Most of parents and adult siblings of our students and pupils work in sectors affected by the crisis. Many of them currently even provide additional support to family members who previously earned their money as migrant workers in Thailand and who have now also become unemployed due to the crisis. To make matters worse, the per capita debt in Cambodia is higher than in almost any other country in the world. Many families have to pay off loans which they could only repay with great effort even before the current pandemic.
Because the basic needs of families are no longer guaranteed, education is increasingly taking a back seat. If the emergency situation continues, it could lead to children being forced to drop out of school early and work. The rates of domestic violence and abuse also rise noticeably in emergency situations. In addition, malnutrition and undernourishment threaten the mental and physical development of the children.
We are therefore thinking about how we can continue to effectively support the people we work with during the crisis. The monthly payments of funds to the families of our sponsored children are usually tied to the presentation of a school records. Since the schools are currently closed, we have already informed the families that we will therefore disburse the money without requesting them to show these records until the end of the crisis. This was received with great relief.
Furthermore, thanks to the donations of the supporters of our English school, we can pay the teachers 45% of their salary. Because they also continue to receive their state income, teachers are currently in a better position than many of their compatriots. In return, we are asking them to start thinking about how they will be able to organise their lessons in the time after the schools reopen. The older classes could, for example, discuss the World Health Organization’s materials on COVID 19 prevention and thus learn new vocabulary. We are, however, aware that it will be just as important to talk about things again that have nothing to do with disease and despair.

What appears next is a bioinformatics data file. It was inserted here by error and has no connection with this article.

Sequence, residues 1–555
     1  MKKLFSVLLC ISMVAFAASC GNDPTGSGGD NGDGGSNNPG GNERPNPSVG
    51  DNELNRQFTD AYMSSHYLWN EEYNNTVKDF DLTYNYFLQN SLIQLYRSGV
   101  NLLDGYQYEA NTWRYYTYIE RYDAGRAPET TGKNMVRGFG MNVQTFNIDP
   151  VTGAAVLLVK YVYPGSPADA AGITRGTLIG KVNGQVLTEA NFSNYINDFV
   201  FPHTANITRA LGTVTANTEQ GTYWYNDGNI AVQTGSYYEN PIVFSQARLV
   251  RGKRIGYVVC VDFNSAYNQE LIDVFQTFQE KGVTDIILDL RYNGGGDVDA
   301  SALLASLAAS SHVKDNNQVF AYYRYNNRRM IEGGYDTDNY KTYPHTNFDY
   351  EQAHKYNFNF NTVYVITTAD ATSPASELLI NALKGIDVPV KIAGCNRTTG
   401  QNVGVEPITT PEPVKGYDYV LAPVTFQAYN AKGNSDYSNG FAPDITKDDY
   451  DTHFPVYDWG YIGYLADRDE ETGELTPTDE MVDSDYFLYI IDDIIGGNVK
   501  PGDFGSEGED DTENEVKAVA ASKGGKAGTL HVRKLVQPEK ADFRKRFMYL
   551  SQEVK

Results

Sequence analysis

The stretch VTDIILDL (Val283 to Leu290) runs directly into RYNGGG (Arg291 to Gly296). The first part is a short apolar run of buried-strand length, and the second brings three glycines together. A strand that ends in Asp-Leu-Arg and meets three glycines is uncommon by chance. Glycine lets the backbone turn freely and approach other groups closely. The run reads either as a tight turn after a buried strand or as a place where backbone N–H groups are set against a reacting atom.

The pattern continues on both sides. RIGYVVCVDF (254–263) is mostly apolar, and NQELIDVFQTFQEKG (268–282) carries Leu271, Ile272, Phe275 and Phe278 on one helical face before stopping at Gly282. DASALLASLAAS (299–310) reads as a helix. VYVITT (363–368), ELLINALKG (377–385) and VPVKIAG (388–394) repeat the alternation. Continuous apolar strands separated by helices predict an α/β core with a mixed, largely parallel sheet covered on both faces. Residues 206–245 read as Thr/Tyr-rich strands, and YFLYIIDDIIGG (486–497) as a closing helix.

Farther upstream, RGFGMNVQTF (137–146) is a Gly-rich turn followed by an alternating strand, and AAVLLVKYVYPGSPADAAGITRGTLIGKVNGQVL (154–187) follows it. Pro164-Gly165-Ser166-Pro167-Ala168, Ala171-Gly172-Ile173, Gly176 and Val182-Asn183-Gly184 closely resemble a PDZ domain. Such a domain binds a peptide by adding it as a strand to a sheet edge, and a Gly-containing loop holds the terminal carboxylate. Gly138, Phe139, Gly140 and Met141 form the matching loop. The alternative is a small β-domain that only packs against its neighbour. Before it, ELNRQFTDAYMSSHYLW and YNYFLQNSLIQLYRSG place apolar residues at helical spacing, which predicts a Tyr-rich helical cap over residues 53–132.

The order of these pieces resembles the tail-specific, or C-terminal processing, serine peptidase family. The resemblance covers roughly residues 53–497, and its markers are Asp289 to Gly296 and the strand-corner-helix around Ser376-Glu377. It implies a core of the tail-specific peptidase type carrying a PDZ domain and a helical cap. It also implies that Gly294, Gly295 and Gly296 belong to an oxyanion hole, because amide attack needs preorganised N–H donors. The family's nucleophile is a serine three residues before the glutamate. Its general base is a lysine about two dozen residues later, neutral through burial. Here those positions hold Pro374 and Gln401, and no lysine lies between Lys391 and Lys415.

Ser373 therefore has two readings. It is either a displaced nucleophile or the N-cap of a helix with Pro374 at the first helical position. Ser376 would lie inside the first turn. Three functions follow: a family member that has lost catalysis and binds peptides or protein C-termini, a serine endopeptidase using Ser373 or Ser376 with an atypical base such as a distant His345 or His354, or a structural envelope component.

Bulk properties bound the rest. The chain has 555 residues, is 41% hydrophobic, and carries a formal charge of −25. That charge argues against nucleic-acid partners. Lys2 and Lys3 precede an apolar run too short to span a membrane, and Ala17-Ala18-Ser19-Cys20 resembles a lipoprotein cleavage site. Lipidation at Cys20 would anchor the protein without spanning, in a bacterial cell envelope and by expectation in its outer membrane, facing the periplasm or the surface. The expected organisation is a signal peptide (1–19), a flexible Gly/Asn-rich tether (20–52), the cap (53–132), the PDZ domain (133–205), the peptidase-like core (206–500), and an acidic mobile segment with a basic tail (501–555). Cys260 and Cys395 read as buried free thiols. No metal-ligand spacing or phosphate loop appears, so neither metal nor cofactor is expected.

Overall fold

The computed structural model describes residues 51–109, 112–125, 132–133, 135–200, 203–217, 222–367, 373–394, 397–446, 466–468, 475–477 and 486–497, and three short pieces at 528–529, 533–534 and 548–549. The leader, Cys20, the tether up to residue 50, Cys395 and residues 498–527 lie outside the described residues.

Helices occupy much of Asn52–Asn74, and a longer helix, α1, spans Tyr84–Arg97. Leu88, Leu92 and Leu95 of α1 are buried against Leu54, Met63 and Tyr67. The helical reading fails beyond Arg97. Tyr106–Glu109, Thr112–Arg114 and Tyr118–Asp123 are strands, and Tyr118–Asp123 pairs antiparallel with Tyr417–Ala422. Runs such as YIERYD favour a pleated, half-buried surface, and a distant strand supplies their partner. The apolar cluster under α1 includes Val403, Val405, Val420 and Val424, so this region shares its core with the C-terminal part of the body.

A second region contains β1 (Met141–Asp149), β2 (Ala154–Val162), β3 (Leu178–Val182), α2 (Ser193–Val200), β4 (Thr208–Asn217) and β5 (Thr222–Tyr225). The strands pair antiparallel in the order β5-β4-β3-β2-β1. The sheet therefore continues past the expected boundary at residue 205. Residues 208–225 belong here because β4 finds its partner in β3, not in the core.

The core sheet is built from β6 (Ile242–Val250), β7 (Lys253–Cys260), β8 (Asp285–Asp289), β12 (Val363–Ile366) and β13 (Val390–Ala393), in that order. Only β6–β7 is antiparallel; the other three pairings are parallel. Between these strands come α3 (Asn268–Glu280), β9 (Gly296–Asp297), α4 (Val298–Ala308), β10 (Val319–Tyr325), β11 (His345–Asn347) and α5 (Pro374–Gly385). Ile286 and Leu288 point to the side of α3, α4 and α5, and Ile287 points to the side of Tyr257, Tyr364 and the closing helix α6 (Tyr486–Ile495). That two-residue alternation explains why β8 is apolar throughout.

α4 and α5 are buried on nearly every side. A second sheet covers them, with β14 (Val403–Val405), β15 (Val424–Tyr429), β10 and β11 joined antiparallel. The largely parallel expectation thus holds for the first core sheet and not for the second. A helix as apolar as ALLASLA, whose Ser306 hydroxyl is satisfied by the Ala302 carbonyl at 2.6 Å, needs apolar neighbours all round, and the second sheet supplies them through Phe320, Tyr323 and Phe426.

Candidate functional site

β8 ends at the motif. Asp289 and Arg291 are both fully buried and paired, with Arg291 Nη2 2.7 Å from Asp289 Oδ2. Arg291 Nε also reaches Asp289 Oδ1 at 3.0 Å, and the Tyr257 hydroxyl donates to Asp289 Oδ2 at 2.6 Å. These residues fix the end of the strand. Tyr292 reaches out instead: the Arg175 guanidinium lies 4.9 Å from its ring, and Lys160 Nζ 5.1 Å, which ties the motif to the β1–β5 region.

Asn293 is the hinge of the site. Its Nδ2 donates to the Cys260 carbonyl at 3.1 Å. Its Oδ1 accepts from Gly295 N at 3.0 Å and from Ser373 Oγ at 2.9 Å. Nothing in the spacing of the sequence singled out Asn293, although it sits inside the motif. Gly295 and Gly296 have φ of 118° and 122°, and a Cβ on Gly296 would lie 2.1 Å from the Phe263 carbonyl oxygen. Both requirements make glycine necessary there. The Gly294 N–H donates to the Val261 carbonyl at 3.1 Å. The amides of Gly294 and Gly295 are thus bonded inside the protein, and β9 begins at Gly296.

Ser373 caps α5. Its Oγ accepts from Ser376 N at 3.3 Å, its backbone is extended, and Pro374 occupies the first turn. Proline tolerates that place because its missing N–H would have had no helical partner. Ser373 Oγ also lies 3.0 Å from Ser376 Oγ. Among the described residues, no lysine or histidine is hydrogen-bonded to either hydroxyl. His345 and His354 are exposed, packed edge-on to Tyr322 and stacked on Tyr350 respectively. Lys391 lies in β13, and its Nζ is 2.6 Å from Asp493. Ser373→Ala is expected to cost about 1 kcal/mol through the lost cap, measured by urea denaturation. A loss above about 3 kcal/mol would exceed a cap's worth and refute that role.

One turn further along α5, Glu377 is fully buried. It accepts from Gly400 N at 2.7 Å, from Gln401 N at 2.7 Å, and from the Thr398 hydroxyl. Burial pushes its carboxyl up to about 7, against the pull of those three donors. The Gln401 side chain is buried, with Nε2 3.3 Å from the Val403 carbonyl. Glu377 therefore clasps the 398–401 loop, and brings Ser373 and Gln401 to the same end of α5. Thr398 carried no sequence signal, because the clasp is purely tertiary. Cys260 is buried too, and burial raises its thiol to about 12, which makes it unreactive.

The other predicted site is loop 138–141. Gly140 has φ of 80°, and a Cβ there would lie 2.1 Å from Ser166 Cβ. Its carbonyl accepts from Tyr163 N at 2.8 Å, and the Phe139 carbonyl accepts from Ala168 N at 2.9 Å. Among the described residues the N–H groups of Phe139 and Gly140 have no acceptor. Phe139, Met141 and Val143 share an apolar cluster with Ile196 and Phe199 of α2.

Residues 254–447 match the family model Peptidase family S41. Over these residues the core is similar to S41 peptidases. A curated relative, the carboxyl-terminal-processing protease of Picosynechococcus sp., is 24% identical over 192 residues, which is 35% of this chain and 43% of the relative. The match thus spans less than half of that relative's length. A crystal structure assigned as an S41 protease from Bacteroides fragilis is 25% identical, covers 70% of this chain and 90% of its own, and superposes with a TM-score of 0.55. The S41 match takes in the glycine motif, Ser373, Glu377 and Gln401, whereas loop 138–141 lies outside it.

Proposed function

Depending on how long the crisis lasts and how many people remain unemployed, one could also consider providing more emergency aid. For example, we could try to find a doctor who would set up a free clinic at school once a month. Many families are currently more likely to avoid expensive visits to the doctor than they already do anyway.
Another possibility to relieve the families financially and to ensure the development of the sponsored children would be the establishment of a soup kitchen that serves one warm meal per day and pays attention to the observance of the distance rules. A positive side-effect of such a measure would be that we would enable the cook or cooks to improve their livelihood. One could then also consider giving the children worksheets and homework when they pick up their meals. But since such a thing involves significant additional costs and a considerable administrative effort, we want to observe the current developments for a little longer. Furthermore, we would only be able to carry out such measures if we could find sponsors who would commit the necessary funds for several months. Otherwise, the amount of work and the actual impact would be disproportionate.
So far these are all pure mind games. If you have your own ideas for emergency aid and its financing, please send us an e-mail to email@example.com
That is all for now. Many of the current arrangements expire at the end of the month. We will then contact you at the beginning of May and report whether and what has changed in the situation.
Greetings from Phnom Penh and Kandal,
Your Kidshelp Team!